[¶14] On February 26, 2013, although he was subject to the second temporary suspension of his license, Attorney Hicks appeared in court for what was scheduled to be the issuance of the court's oral ruling on R.A.'s motion to withdraw his pleas. Because of a communication error, R.A. was not produced for that court date. The matter was therefore continued until April 5, 2013.

          [¶15] R.A. again sent a letter to Attorney Hicks expressing concern at Attorney Hicks' failure to respond [368 Wis.2d 115] to his letters or to the efforts of his family members to spur communication. Attorney Hicks did not respond and still did not advise R.A. that he had decided not to file any post-hearing brief in support of R.A.'s motion.

          [¶16] Prior to the April 5, 2013 appearance, R.A. wrote to the circuit court and asked for the appointment of new counsel. The court allowed Attorney Hicks to withdraw on that date so that the SPD could appoint new counsel for R.A. The court ruled that successor counsel would be allowed to file a written argument in support of R.A.'s motion to withdraw his pleas.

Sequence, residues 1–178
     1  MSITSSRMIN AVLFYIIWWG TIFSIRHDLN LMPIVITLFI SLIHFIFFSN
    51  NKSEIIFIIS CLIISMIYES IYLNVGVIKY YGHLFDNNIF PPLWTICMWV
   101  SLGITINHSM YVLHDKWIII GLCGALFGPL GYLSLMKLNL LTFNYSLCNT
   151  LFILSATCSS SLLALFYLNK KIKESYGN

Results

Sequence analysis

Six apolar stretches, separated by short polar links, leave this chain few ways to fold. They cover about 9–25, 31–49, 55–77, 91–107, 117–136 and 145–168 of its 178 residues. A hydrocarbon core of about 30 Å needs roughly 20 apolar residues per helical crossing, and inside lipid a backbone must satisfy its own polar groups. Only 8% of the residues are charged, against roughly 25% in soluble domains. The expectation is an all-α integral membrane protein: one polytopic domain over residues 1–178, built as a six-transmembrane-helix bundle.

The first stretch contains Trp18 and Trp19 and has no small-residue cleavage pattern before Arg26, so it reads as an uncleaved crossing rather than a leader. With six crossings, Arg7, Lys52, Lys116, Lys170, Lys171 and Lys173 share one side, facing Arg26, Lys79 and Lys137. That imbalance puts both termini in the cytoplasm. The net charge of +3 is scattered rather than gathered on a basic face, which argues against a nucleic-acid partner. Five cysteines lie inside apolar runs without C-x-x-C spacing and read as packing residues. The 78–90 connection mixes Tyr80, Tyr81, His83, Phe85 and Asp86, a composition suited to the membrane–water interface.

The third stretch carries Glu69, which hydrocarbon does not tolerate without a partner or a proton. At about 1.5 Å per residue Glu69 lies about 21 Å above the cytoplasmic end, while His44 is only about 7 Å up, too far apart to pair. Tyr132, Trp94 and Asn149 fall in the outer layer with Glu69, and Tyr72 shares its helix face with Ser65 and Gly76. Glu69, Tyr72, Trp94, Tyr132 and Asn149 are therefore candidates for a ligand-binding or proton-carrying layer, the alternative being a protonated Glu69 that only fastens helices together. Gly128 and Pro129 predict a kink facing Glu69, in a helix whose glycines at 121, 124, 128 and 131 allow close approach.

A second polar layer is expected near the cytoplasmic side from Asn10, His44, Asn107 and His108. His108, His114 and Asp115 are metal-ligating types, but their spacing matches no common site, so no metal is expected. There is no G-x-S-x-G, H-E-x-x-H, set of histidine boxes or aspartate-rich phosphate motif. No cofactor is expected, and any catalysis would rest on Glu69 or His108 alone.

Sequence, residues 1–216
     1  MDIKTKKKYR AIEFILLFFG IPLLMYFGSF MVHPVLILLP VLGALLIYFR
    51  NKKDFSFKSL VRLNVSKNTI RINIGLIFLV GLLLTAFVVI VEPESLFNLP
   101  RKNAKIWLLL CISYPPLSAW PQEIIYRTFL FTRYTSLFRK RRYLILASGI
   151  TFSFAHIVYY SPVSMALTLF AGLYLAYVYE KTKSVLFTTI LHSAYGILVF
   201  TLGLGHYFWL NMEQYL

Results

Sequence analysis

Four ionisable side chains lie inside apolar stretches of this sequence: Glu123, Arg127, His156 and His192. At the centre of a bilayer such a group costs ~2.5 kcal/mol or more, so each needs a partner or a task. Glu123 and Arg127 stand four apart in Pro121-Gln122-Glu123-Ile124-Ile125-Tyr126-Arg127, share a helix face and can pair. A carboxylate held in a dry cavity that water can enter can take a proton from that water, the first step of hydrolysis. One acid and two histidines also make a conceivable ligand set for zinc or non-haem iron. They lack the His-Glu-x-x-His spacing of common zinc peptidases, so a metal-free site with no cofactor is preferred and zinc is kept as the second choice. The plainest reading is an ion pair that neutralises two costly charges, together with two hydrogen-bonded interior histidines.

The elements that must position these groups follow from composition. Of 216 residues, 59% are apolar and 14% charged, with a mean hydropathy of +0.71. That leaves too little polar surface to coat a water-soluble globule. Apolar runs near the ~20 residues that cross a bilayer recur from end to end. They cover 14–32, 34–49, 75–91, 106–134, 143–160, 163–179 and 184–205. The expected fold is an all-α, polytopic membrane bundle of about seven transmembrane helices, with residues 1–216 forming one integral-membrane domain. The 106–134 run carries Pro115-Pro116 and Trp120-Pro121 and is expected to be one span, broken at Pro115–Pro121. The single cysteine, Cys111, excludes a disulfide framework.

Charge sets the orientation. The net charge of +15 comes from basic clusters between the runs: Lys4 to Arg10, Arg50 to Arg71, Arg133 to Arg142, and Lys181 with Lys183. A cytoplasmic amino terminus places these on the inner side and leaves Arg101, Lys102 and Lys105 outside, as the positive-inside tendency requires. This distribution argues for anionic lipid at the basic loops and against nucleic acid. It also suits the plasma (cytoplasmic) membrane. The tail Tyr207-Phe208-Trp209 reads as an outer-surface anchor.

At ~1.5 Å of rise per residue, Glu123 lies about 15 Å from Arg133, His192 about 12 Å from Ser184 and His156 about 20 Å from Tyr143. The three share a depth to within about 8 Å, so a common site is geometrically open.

[¶17] In March 2013 R.A. filed a grievance against Attorney Hicks with the OLR. In April 2013 and again in December 2013, the OLR asked Attorney Hicks for a response to R.A.'s grievance, but Attorney Hicks did not respond. Only after the OLR had filed yet another motion for a temporary suspension and this court had issued an order to show cause did Attorney Hicks finally submit a written response to R.A.'s grievance and provide requested documents to the OLR.

          [¶18] The referee concluded that the allegations in the OLR's complaint concerning R.A. adequately supported the following seven counts of professional misconduct:

[Count One] By requesting to argue [R.A.'s] motion to withdraw his plea in writing following the evidentiary phase of the hearing on the motion, and then failing to file any written (or oral) argument, [Attorney] Hicks violated SCR 20:1.3. [368 Wis.2d 116] [2]
[Count Two] By failing to respond to [R.A.'s] repeated requests for information, [Attorney] Hicks violated SCR 20:1.4(a)(4).[3]
[Count Three] By failing to provide [R.A.] with a copy of the State's written argument brief and to promptly advise [R.A.] of [Attorney] Hicks' decision not to file a post-hearing argument brief,

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[Attorney] Hicks violated SCR 20:1.4(a)(2) and ...